Surgery for Brain Tumours is always surrounded by an aura of fear owing to the risks involved. But over the years Neurosurgery has gone through several changes in terms of technique and technology, which has helped doctors perform many of the complex brain tumour surgeries confidently and safely.
Though MRI has been in use for quite some time for diagnostic purposes, its use during brain tumour surgery has added a new dimension to neurosurgery. Simply put, this technology aided by Neuronavigation gives neurosurgeons a “surgical GPS” – the ability to determine at any point during the operation the exact location within the brain to an accuracy of up to 1 mm. Aster RV hospital is one among the very few centres in INDIA to have this facility.
Intra op MRI is used to get real-time brain images during brain tumour surgery. To use MRI technology, the patient is moved from the operating room to an adjacent room, where MRI is performed. The images are transferred concurrently to the navigation system which guides the surgeon on the exact amount of residual tumour if any. This helps the surgeon to perform total resection of the brain tumour, which gives better survival and prevents redo surgeries.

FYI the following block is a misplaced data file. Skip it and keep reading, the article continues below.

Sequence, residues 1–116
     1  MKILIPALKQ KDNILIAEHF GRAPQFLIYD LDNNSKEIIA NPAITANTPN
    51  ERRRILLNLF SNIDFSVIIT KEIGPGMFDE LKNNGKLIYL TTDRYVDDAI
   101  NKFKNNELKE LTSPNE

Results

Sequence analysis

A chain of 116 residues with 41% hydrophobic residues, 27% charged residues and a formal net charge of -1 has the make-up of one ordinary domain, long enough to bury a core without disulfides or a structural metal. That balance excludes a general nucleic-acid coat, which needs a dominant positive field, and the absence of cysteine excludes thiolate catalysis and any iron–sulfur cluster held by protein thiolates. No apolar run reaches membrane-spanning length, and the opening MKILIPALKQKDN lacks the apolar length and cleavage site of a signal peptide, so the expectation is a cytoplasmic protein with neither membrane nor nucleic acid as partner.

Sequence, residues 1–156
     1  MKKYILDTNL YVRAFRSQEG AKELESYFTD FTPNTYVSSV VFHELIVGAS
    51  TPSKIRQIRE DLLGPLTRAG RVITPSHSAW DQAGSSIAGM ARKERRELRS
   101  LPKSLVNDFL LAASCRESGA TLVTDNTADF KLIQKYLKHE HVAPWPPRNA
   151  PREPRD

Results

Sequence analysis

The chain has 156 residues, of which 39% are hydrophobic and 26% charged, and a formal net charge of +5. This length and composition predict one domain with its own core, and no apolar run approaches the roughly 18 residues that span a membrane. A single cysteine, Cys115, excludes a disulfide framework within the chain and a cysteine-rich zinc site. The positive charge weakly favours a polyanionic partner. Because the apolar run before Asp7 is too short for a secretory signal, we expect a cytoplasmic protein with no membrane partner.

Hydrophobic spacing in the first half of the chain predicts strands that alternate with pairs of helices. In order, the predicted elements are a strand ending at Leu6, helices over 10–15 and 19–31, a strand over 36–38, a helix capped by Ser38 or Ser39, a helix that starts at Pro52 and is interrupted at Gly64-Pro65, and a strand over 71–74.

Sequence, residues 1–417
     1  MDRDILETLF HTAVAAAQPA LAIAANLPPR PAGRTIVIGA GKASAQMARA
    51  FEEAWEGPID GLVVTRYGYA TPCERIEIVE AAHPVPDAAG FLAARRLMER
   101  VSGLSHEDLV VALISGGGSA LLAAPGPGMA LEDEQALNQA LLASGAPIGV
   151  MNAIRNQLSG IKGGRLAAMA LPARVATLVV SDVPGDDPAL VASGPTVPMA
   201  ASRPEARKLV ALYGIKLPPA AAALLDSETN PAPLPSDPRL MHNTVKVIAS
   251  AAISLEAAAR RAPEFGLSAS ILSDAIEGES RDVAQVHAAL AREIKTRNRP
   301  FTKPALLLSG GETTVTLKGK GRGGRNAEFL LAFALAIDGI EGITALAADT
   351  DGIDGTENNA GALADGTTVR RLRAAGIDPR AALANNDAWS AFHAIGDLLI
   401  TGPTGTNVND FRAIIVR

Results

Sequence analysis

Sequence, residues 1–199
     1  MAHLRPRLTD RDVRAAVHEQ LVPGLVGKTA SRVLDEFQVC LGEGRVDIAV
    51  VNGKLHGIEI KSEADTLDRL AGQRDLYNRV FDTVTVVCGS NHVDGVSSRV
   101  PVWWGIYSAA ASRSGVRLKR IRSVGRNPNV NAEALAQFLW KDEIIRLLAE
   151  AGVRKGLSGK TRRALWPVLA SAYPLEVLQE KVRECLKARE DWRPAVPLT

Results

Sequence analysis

Other present trends and advances in Brain Tumour surgeries:
Neuro navigation and image-guided resection:
Neuronavigation helps neurosurgeons to precisely localize different intracerebral pathological
processes by using a set of preoperative images (CT, MRI).
Fluorescence guided surgery:
Fluorescein is a dye which when injected into the blood is taken up by few brain tumours especially high-grade gliomas, metastasis, meningiomas etc. and when these brain tumours are viewed under specific light conditions (yellow filter), using a microscope the tumour glows with the surrounding normal tissue, helping the surgeon to remove the brain tumour completely.
Intra op ultrasound:
Ultrasound is a useful, cost-effective tool that can be used during surgery, to obtain real-time
images of brain tumours during surgery.
Intra op neurophysiology monitoring and awake craniotomy
In some instances, brain tumours may be very close to important (eloquent) areas of the brain
neuromonitoring and awake craniotomy (patient will be fully awake during surgery and be asked to perform simple tasks and speak) are helpful to ensure eloquent areas are not damaged during tumour resection.